Thursday, December 2, 2010


Today is a travel day. I'm flying from Catania to Rome and then from Rome to lecce. Fortunately, I get a travel partner for half the trip. Dora from the Arcadia Rome office is going with me to lecce. I'm going to meet her at the airport in Rome. I'll be glad for the company, especially since she will be able to explain to me what's going on.

Before I leave Sicily, I want to record the rest of my time here. Yesterday was a full day. In the morning I met with suzi again as well as ramzi, the student services person at mcas. They told me about the trip they take students on to tunisia halfway through the semester. I never knew or understood all of the connections between Sicily and the Arabic world. I'm learning that, while Sicily is very much part of italy, it is better understood as the center of the Mediterranean.

Suzi took me on a walking tour of ortigia, which is actually a small island next to Siracusa. It's the old part of the city, rundown and nearly vacant only 20 years ago but today a thriving area and desirable to live. Just like everywhere else, the slow economy has hurt real estate sales, but it's still by no means cheap to rent an apartment. Some of the streets are narrow and from medieval times, while others were widened to accommodate cars (barely - it's nerve wracking to feel the side mirror of a car brush your bag as you are walking down the street, hugging the wall).

Lunch was small and simple, thank goodness, followed by a long conversation with an archeology professor who is working on a project to create 3-d scans of artifacts in order to recreate the past. I sat in on a class and watched a woman make an old Sicilian christmas treat called torrino. Almonds, sugar, and honey - like most Italian food, simple and delicious. They do not believe in adding lots of ingredients to anything, but the ingredients they do use are local, fresh, and full of flavor. Even here, though, there is a growing interest in "slow food." the professor of the mediterranean diet class, who is also a photographer, just wrote a book on the topic and asked me to read it and give him an honest opinion of the English translation before it is published. Considering there is a local market every day with fresh produce and seafood, i was surprised to learn that there is a market in Sicily for slow food. What they are doing seems close enough, but apparently not for everyone.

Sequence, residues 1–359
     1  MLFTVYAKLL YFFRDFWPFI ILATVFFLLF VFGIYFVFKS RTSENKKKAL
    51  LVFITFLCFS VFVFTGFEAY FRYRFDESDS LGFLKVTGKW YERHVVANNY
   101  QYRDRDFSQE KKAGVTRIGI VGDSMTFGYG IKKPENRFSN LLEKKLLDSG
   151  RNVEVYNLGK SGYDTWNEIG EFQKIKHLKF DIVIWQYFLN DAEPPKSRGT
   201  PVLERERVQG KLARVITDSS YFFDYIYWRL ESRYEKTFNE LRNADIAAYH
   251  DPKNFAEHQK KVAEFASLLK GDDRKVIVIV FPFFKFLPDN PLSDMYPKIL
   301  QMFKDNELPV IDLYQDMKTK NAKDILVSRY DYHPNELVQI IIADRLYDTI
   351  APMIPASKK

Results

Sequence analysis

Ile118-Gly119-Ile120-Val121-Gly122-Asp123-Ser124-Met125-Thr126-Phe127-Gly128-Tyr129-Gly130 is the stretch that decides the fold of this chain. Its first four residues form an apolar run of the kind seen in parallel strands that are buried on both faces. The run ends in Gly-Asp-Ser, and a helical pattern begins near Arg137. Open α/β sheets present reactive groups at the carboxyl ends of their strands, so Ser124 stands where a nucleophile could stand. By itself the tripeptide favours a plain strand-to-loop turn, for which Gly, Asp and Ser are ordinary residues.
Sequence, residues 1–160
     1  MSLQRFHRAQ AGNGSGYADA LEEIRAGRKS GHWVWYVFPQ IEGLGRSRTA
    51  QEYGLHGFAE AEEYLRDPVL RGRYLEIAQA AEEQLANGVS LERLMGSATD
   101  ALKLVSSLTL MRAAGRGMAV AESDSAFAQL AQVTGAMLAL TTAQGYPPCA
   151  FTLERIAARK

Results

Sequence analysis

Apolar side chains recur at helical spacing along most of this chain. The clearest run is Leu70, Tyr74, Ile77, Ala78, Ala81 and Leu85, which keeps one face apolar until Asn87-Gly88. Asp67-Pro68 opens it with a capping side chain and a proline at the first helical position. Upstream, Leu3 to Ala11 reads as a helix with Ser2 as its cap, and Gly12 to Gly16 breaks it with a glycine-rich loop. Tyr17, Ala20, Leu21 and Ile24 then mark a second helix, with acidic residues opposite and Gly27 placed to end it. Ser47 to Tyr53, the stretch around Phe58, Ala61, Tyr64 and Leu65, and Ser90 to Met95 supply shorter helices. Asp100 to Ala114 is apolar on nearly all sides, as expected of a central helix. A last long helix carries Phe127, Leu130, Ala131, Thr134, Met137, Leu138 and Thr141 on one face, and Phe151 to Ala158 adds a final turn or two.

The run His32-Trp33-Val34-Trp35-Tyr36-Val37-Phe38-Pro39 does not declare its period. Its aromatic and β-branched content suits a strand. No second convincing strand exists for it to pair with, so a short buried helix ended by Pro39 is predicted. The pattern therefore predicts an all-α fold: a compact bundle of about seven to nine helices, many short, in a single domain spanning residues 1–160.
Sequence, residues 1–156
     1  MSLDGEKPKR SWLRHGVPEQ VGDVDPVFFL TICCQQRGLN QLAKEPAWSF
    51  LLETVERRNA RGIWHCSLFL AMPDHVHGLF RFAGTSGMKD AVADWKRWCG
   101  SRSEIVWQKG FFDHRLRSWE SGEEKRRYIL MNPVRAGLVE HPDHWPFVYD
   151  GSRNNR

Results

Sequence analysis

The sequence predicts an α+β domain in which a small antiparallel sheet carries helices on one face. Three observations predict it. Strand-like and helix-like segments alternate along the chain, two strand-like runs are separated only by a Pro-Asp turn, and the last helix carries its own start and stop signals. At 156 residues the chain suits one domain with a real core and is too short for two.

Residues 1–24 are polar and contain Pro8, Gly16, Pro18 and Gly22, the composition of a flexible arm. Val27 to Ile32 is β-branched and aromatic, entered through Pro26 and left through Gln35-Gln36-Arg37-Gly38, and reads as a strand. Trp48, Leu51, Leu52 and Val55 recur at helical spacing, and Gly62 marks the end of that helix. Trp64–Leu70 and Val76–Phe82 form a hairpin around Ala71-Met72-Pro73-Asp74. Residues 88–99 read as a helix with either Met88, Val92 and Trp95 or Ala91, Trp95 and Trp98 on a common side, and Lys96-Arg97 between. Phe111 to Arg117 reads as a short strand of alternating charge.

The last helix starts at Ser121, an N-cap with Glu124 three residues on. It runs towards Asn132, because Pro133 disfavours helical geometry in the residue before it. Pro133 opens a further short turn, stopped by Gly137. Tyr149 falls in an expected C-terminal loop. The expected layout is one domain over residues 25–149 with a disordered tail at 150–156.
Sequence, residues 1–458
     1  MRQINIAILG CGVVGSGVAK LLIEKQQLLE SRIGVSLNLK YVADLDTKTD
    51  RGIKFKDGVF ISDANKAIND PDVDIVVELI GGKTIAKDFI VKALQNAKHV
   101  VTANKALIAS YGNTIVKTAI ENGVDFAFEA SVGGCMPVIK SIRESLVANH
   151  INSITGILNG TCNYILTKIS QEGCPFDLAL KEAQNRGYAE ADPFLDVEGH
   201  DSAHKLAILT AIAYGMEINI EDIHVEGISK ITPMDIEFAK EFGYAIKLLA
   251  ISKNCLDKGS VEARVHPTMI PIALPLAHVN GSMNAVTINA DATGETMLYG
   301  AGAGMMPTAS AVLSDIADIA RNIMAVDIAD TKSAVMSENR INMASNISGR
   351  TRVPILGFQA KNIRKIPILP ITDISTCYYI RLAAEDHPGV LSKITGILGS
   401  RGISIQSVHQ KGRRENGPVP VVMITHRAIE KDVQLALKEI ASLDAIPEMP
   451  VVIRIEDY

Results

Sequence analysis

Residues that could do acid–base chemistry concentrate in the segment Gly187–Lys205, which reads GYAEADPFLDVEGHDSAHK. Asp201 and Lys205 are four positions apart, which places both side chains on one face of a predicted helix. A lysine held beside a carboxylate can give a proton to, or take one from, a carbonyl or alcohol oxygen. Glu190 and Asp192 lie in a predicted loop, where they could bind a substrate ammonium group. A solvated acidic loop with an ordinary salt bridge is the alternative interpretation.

I was left to my own devices for dinner. After wandering around for a while i found a little takeout pizza place and got a pizza norma. That's right, same as the pasta but in pizza form, with eggplant and salty ricotta. I also picked up a 2-euro bottle of wine and returned to the hotel feeling quite pleased with myself. But also wishing I could have shared it with one of you.

This morning, Lucia took me to an archeological site. Both a roman and Greek amphitheater sit close to one another, apparently the only case in the world where the Romans allowed the Greek version to exist rather than building directly on top of it. Those Romans were a domineering bunch. She explained how even the architecture of the amphitheaters is indicative of the different cultures. The roman style is fully enclosed, a world unto itself, whereas the Greek style is a half-circle, opening the view to the surrounding scenery and incorporating the natural setting into the stage.

I would love to return to Sicily and see the whole island. Ideally, I would first take a year of Italian. There's not nearly as much English spoken here as there is in the north of Italy.

Once again, this flight is leaving an hour later than scheduled, yet mysteriously arriving on time.


  1. Does a Little Debbie's Oatmeal Cream Pie count as slow food? I'm sure it will be slow to leave my waistline!

  2. If I keep reading your blog, I'm going to die of jealousy.

  3. You do realize that you're going to have to set aside enough time when over Christmas break to tell me EVERYTHING, right? And to show me all your pictures?!